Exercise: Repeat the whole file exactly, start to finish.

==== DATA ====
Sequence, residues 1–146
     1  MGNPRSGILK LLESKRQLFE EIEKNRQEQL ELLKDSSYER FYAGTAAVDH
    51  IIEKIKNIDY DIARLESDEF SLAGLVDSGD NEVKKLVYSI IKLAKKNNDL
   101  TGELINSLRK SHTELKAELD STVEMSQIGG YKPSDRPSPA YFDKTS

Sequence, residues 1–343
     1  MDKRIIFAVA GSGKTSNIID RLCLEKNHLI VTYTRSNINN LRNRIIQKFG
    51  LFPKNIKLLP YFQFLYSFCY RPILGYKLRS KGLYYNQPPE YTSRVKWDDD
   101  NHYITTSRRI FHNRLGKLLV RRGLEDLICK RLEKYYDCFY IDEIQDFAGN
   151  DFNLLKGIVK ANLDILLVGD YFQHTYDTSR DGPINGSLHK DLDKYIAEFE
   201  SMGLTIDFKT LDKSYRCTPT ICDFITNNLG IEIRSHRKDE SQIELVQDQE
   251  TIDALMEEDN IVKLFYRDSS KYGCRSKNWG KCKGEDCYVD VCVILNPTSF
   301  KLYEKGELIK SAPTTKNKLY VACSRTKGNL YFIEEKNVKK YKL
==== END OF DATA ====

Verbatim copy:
Sequence, residues 1–146
     1  MGNPRSGILK LLESKRQLFE EIEKNRQEQL ELLKDSSYER FYAGTAAVDH
    51  IIEKIKNIDY DIARLESDEF SLAGLVDSGD NEVKKLVYSI IKLAKKNNDL
   101  TGELINSLRK SHTELKAELD STVEMSQIGG YKPSDRPSPA YFDKTS

Sequence, residues 1–343
     1  MDKRIIFAVA GSGKTSNIID RLCLEKNHLI VTYTRSNINN LRNRIIQKFG
    51  LFPKNIKLLP YFQFLYSFCY RPILGYKLRS KGLYYNQPPE YTSRVKWDDD
   101  NHYITTSRRI FHNRLGKLLV RRGLEDLICK RLEKYYDCFY IDEIQDFAGN
   151  DFNLLKGIVK ANLDILLVGD YFQHTYDTSR DGPINGSLHK DLDKYIAEFE
   201  SMGLTIDFKT LDKSYRCTPT ICDFITNNLG IEIRSHRKDE SQIELVQDQE
   251  TIDALMEEDN IVKLFYRDSS KYGCRSKNWG KCKGEDCYVD VCVILNPTSF
   301  KLYEKGELIK SAPTTKNKLY VACSRTKGNL YFIEEKNVKK YKL